7) What advice would you give coaches/clubs regarding youth sports parents?
My advice is much different than most coaches. Have one meeting with the parents before the season starts, one in the middle, and one in the end. The first meeting, if you are coaching U-10 and under, is to explain and model how equal play benefits every child on the team. If you are coaching 12 and over, explain how play by performance is in the best long term interest of all the players on the team. The middle season meeting would allow them to ask questions INDIVIDUALLY to you and to your staff with the player present. The last meeting would be to say good bye.
8) What advice would you give youth sports parents for the car journey to and from youth sports practices and/or games?
Unless the player talks about the event, you don’t mention it. On the way to the game “I hope you have fun” on the way home “I love you.” That’s it.
9)What types of behaviours/mannerisms/comments would you encourage parents to demonstrate?
Be positive. Cheer both teams. Don’t go to every game or practice if you think you need to coach your child. Spend more time with your child on academics and life skills then you do on sports.
I am in the minority with my next opinion. I do not think parents should be involved in their child’s youth sports journey other than to pay for it. Drop your kids off, stay in the background, don’t criticize the coach, your child, or other children playing. You have great intentions for the most part.
Many parents don’t want to get caught up in all the hoopla and expenses, drama, and long travel seasons. I am here for them. Our program, which we present all over the country, gives these parents an option to participate in their children’s youth sport journey in a different and still very effective way. There are plenty of organizations that guide the parents that want to get involved. There are plenty of people who can guide parents through this journey. They do a great job educating parents on how and why to get involved in a positive way. I am not one of them.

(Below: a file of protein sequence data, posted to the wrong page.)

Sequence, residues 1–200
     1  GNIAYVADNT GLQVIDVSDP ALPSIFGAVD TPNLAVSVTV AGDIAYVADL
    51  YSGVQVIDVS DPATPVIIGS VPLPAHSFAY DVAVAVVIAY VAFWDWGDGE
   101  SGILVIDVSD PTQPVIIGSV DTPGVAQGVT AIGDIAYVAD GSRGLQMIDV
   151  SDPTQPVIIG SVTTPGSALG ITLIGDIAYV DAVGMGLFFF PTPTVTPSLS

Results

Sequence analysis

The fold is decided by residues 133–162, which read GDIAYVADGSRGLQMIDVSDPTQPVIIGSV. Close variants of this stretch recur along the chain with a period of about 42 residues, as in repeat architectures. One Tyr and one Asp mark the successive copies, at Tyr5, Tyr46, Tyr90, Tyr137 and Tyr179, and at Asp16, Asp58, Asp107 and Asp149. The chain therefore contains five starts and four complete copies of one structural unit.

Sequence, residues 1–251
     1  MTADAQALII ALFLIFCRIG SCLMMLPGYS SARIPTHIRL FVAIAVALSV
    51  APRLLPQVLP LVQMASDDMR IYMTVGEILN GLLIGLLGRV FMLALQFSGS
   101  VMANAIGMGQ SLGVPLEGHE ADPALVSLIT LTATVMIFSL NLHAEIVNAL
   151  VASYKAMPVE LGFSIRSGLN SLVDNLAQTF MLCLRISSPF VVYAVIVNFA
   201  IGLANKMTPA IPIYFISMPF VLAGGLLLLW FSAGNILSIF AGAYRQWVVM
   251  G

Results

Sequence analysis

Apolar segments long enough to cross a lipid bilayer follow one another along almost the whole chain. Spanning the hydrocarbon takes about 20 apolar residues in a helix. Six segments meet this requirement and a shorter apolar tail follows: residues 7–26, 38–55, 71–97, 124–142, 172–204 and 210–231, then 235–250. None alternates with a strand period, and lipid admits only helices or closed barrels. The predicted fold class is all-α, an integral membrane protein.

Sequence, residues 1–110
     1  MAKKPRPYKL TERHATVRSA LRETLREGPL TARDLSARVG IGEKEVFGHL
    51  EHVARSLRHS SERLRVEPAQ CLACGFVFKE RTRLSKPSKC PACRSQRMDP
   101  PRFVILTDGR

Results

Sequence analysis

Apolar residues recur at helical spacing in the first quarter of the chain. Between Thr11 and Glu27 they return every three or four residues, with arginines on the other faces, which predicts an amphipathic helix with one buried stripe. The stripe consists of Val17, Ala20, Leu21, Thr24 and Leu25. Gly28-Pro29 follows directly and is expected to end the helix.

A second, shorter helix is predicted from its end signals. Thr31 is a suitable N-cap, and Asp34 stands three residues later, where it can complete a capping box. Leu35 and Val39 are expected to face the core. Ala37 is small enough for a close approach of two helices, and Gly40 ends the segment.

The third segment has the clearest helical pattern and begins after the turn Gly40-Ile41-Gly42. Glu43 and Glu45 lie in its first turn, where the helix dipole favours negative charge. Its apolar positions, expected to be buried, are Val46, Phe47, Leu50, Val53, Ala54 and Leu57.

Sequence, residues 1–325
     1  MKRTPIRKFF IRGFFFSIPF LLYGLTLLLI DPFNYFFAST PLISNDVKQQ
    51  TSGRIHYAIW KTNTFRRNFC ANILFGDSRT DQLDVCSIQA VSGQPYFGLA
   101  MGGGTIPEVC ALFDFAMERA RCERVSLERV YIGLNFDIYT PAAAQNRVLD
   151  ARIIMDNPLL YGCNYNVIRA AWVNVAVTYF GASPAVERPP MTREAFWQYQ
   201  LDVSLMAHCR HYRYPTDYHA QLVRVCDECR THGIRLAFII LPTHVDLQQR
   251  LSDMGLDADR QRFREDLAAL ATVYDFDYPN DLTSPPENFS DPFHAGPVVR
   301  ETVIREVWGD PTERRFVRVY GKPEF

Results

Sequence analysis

Our program is not for everyone, we know that. BUT, more and more parents are coming to us with questions, fears, hopes and dreams. They ONLY want us to reassure them that they are doing the right thing spending all the time, money, and coaching on their child’s youth sports journey. We explain it all to them.
10)What is next for you as a coach / club / organization?
I am half way through writing my fourth book. I am mentoring a youth soccer organization. I am continuing bookings and speaking engagements.
My second book, “Less is More: The Truth About Youth and High School Sports” explains in detail what is really going on, how to deal with it, and what the realistic expectations should be for parents and children through the youth sports journey. We tell the parents that want to listen; we understand your fears of backing off. We sympathize with you and your worries about your children being left behind or boxed out if you don’t stand up for them. We have an alternative plan and are willing to explain it to you.
We have multiple presentations that lay out the science, Psychology, and data to support our program for parents who are constantly worried about their children’s youth sports journey. These parents have had enough, and they want to know what to do, why to do it, and how they can make sure that staying out of “adulting” will help them and their child.
The Sporting Influencer